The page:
MR. HOLLAND’S OPUS MR. HOLLAND’S OPUS is a film by director Stephen Herek, written by Patrick Sheane Duncan, and produced by Ted Field, Michael Nolin, and Robert W. Cort. This emotional drama is a classic fictional story about Glenn Holland (Richard Dreyfuss), a man with a deep love of music, who has a desire to write at least one symphony of lasting significance. The story starts when he unenthusiastically accepts a job as a high school music teacher at John F.
Kennedy High School so that he can have the time and money to be able to compose his opus. In his first year of teaching, he finds himself turning into that very thing which he despises, a dry and boring instructor who isn’t getting through to the students. Mr. Holland finds he has a group of indolent and inept students, and their attempt at music results in a horrible disharmony. He hates his job, and at first he is terrible at it.
He uses little witticisms like “There’s more to music than notes on a page” and “Playing music is supposed to be fun” in attempts to awaken and inspire his impassionate students. These however, did nothing but frustrations to him so he decided to make a few changes in his teaching style to get the students involved and interested. Using all manner of unorthodox teaching methods like using rock music to teach classical music, Mr. Holland eventually breaks through and becomes the darling of John F. Kennedy High School, and had profound effect on a number of his students.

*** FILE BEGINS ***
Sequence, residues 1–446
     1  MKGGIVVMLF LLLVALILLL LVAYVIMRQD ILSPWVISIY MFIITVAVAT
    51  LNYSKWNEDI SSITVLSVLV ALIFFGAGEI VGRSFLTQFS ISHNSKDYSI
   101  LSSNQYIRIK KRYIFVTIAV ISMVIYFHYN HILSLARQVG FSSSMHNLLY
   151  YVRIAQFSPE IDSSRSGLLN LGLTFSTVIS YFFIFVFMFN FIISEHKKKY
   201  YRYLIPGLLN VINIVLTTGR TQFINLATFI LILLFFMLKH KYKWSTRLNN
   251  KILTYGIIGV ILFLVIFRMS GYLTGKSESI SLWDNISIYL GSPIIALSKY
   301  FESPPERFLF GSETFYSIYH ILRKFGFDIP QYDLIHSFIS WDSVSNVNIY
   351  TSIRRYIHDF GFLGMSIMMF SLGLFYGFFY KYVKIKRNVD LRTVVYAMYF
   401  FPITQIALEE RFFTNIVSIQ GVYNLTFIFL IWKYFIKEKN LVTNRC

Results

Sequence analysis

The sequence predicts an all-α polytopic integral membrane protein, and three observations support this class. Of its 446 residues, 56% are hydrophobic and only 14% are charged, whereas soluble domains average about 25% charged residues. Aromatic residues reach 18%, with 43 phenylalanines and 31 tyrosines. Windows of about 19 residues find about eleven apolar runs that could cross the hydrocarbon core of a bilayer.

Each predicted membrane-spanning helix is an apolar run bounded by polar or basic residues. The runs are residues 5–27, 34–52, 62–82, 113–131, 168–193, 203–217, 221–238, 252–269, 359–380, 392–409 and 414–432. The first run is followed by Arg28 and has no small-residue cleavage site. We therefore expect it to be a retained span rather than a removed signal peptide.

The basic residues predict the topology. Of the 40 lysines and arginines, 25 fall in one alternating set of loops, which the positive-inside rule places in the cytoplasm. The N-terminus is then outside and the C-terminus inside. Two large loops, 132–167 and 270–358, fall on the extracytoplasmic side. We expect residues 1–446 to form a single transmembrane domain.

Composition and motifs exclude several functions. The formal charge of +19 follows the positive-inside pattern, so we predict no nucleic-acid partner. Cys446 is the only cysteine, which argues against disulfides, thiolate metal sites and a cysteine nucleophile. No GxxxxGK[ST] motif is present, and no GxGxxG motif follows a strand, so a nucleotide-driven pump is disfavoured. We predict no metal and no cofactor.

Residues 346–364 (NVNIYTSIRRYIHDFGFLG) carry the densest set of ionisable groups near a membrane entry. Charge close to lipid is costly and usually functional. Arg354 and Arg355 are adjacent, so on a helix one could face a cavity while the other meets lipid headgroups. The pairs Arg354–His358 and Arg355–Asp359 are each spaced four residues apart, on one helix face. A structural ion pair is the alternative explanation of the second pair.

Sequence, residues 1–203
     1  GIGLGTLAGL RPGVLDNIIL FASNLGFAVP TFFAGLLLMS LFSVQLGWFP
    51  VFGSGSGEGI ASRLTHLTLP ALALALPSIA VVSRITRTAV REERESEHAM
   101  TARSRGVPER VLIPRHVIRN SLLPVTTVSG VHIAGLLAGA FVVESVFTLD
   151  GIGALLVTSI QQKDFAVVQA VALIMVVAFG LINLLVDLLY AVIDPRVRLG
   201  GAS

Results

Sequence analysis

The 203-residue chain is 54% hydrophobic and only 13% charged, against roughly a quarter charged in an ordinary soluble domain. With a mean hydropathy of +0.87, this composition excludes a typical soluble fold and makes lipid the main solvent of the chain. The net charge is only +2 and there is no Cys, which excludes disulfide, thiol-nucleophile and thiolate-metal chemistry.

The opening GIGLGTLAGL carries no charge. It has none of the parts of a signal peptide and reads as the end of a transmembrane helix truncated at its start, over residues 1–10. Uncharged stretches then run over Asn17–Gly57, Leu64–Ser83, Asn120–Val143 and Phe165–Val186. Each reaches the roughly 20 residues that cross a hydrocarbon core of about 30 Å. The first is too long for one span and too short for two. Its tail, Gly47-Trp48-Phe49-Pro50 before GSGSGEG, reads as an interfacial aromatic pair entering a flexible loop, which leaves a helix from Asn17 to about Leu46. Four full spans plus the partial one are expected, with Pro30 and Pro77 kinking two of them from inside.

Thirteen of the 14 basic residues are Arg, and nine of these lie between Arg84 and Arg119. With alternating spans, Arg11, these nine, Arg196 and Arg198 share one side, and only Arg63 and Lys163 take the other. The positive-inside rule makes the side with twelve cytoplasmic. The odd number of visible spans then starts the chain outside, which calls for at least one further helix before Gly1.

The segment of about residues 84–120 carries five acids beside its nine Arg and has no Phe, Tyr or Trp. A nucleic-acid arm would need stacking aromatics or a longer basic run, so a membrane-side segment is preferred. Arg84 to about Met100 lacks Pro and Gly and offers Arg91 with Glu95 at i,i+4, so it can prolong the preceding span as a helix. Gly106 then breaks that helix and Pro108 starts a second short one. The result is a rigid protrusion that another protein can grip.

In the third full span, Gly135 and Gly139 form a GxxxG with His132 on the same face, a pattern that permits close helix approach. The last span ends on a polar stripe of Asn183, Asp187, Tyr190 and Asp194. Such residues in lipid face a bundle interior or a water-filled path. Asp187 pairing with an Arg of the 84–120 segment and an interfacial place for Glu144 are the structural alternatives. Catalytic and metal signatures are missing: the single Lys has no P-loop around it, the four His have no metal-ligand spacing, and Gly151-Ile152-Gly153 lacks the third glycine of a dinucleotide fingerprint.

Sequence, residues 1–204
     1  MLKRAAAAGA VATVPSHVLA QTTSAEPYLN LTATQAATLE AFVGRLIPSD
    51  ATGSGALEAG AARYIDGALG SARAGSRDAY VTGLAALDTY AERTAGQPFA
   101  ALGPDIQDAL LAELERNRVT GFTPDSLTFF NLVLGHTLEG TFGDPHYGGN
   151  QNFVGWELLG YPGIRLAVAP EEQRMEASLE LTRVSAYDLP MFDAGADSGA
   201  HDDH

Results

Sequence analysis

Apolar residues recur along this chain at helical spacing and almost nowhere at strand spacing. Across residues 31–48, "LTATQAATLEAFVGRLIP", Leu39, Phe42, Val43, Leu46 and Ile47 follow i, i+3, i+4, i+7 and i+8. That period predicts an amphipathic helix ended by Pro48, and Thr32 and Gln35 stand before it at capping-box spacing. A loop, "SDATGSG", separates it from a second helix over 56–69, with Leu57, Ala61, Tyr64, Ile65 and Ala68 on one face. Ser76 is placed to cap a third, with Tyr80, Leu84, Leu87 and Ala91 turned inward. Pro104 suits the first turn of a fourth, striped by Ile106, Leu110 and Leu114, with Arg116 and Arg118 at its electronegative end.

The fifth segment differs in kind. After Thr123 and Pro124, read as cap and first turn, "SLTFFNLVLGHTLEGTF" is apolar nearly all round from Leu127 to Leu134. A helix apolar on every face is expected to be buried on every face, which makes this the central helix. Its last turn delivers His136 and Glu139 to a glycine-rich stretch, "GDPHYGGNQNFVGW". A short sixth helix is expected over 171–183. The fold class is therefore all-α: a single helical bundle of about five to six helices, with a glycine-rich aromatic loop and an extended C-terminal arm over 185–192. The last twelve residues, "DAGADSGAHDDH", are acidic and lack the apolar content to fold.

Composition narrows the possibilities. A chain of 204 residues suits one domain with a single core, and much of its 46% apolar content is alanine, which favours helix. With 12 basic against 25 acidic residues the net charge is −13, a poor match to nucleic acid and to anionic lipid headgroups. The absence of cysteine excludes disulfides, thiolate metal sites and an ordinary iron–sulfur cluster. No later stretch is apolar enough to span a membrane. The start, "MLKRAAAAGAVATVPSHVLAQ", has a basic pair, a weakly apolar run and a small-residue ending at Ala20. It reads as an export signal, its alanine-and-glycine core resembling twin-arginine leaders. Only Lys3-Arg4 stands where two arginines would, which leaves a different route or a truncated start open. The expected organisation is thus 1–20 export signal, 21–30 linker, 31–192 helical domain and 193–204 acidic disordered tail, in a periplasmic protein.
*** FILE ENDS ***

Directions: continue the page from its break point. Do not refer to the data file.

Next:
Over the next 30 years, Holland is able to teach a great deal about both music and life to thousands of kids who pass through the various classes he leads and school bands he directs; however, he finds it easier to reach his students than his son Cole (played, as he grows older, by Nicholas John Renner, Joseph Anderson, and Anthony Natale), who is deaf, which drives a wedge between him and his wife Iris (Glenne Headly). Mr. Holland’s own life seems to play second chair to his teaching. His own opus goes virtually ignored, as does his family.